I learned about the de-Islamization of my home, the Ningxia Muslim Autonomous Region, after several people shared witness accounts. Jin Xu, an assistant art history professor at Vassar College who grew up there, talked about how his drawing of the Nanguan Mosque, a landmark of Ningxia, had won a national award when he was a sixth grader and how the mosque had been brutally reconstructed into what he told me in an interview was an ugly concrete building that eliminated its exterior elements of Islamic art and architecture.
One chat room asked the participants to criticize the government where they lived, be it China, Hong Kong, Taiwan, Japan or the United States. The moderator called on each speaker by asking, “So which government would you like to criticize?” In China, where open criticism is treated as treachery, it felt like performance art.
Several chat rooms were devoted to the bloody crackdown in Tiananmen Square, a heavily censored topic on the Chinese internet. Cai Chongguo, a student leader during the protests, talked for about four hours, sharing his stories and answering questions from thousands of people. He said he hadn’t expected that so many people would be interested.
“It was the first time since 1989 I shared my story with so many Chinese,” he said in a phone interview. Cai, who has been in exile in France and Hong Kong, said that he had given talks to 100 to 200 people but that the audiences were often mostly non-Chinese.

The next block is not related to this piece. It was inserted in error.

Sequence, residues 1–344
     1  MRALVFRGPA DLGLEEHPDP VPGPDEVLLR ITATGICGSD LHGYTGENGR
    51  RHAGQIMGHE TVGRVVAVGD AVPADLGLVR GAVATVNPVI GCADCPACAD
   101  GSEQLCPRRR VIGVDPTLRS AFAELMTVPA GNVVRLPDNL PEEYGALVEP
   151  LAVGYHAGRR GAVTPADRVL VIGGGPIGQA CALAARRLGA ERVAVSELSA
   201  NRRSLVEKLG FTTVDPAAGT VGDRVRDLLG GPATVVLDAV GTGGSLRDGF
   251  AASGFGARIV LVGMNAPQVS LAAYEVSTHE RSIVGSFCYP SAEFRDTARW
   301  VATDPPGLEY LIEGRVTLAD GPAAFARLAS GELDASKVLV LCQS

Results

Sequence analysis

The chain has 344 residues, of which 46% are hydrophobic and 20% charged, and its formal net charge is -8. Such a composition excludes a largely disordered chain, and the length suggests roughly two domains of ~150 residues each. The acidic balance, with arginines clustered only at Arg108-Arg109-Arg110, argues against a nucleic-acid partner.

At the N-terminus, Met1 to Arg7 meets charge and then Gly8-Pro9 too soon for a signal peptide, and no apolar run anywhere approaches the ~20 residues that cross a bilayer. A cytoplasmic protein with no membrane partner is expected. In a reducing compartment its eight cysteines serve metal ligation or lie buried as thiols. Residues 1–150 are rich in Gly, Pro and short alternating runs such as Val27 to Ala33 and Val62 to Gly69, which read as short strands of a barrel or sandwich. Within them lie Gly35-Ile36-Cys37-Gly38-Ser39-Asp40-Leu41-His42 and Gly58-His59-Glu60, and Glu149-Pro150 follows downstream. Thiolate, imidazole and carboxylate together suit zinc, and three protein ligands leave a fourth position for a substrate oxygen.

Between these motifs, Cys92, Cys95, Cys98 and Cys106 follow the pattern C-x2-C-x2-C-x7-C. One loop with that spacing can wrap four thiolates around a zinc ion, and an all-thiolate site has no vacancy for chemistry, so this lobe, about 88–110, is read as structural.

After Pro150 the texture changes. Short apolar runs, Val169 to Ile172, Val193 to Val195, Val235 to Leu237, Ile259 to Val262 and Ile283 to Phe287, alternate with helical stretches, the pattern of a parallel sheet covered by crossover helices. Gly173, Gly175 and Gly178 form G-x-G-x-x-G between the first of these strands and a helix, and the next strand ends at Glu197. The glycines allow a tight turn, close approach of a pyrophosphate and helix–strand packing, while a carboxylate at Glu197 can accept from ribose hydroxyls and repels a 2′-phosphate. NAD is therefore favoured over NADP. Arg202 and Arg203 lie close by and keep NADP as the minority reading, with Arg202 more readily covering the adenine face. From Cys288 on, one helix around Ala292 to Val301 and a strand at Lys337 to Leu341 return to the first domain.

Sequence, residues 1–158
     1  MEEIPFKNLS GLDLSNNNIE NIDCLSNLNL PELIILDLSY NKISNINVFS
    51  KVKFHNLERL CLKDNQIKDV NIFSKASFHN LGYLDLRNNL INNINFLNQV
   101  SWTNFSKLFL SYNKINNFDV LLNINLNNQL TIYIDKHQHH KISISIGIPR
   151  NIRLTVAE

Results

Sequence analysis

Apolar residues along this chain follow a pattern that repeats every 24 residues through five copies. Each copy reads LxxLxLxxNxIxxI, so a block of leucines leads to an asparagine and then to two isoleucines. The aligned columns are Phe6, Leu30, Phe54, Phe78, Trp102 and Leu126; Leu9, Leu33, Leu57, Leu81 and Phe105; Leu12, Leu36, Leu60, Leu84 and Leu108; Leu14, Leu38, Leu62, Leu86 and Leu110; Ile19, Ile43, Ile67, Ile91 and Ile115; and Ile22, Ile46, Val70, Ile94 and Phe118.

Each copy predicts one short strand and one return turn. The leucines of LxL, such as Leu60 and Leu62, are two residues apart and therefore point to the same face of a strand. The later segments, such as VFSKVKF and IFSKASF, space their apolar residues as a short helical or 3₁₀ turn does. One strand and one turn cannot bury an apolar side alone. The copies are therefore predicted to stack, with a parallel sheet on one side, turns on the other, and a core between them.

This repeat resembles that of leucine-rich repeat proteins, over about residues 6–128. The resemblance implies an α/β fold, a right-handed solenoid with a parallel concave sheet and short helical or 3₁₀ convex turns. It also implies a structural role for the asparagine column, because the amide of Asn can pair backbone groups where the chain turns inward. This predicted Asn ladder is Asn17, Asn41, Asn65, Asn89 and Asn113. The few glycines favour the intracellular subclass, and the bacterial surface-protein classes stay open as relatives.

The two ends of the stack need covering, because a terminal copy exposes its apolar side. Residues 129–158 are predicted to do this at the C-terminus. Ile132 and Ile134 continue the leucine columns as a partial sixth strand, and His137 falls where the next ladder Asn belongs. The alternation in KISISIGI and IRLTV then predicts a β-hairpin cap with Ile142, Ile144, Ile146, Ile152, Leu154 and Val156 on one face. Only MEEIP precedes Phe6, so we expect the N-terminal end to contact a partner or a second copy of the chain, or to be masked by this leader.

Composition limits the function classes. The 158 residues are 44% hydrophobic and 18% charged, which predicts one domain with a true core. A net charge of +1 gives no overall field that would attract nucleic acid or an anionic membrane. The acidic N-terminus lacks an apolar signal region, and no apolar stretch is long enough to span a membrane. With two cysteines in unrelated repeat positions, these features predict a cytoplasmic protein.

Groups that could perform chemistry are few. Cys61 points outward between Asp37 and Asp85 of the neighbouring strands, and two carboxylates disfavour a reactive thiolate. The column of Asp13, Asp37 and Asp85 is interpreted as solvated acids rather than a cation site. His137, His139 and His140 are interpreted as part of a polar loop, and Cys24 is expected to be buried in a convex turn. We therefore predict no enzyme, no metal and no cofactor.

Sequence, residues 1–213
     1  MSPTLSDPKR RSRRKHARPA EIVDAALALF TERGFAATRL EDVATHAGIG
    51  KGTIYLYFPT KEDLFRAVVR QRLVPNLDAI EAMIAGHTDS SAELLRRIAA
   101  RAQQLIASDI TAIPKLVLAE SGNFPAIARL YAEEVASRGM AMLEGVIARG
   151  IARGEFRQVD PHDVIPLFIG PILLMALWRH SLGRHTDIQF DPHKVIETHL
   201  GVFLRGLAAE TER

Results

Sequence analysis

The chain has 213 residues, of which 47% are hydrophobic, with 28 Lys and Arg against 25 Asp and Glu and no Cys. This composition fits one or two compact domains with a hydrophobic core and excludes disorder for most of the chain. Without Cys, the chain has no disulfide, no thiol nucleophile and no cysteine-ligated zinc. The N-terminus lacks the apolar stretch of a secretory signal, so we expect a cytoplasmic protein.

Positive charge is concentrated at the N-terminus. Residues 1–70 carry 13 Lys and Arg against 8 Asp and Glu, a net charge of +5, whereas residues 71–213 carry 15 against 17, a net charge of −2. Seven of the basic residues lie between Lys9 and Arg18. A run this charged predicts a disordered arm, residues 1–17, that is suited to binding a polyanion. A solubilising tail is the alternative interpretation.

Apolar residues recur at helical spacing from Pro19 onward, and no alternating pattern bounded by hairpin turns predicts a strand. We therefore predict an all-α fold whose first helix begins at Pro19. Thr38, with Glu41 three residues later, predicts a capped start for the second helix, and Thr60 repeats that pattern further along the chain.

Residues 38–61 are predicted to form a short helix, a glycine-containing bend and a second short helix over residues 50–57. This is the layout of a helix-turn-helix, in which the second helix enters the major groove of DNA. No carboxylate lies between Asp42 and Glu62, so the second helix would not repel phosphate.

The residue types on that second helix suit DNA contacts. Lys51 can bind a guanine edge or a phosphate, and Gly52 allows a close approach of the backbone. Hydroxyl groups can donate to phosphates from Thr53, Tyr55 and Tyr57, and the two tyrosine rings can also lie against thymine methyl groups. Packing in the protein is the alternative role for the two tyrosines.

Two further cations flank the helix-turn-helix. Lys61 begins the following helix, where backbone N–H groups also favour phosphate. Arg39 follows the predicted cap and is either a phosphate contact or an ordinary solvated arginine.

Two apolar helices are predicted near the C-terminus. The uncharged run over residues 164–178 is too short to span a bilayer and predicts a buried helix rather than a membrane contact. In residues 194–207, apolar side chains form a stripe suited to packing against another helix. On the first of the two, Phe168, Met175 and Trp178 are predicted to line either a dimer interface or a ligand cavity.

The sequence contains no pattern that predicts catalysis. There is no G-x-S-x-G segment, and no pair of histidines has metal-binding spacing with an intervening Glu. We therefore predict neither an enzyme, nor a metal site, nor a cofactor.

“This platform offered a rare opportunity to talk about the tragedy with Chinese,” he said.
Even during the freewheeling conversation, censorship was on the minds of many. On Monday afternoon, one room that reached Clubhouse’s maximum of 5,000 users featured speakers sharing their concerns over whether they would be questioned by authorities for speaking out on the app. An employee at a big Chinese social media platform told the room that nobody should ever think that he or she could escape the government surveillance. He continued by saying that he felt guilty about his job because it involved censorship.
A few hours later, mainland users began to report that the app had been blocked. Several rooms were set up immediately for people to chat it over. I joined a room for people to mourn the blocking.
The title of the room featured three candle emoticons. People lined up to share their most memorable experience. A few speakers cried.
A man compared his time on Clubhouse to taking contemporary Chinese history classes. A man from the Daur ethnic group in Xinjiang said how much he appreciated the opportunity to have a platform where people like him could share their stories. A woman said her most memorable experience was hearing a man who called himself a government loyalist describing how, after he heard the personal stories of how the Muslims in Xinjiang had been persecuted, he had to stop his car and weep.
Hannah Sun, one of the last to speak, relished finding like-minded people on Clubhouse. She shared her parents’ traumatic experiences in the devastating Tangshan earthquake in 1976 and how it shaped her view on the Chinese government.
Sun, who lives in Germany, had never talked about such politically sensitive topics with strangers. Then, Saturday, she had waited more than two hours to speak in a chat room about those very topics with thousands of people from mainland China, Taiwan, Hong Kong and other parts of the world.
Someday, she said in an interview, Chinese people would be able to talk freely. Many Eastern Germans didn’t expect the Berlin Wall to fall in 1989, she added, but it happened.
“Nobody can predict the future,” Sun said. “We should believe in humanity and humanity’s yearning for freedom.”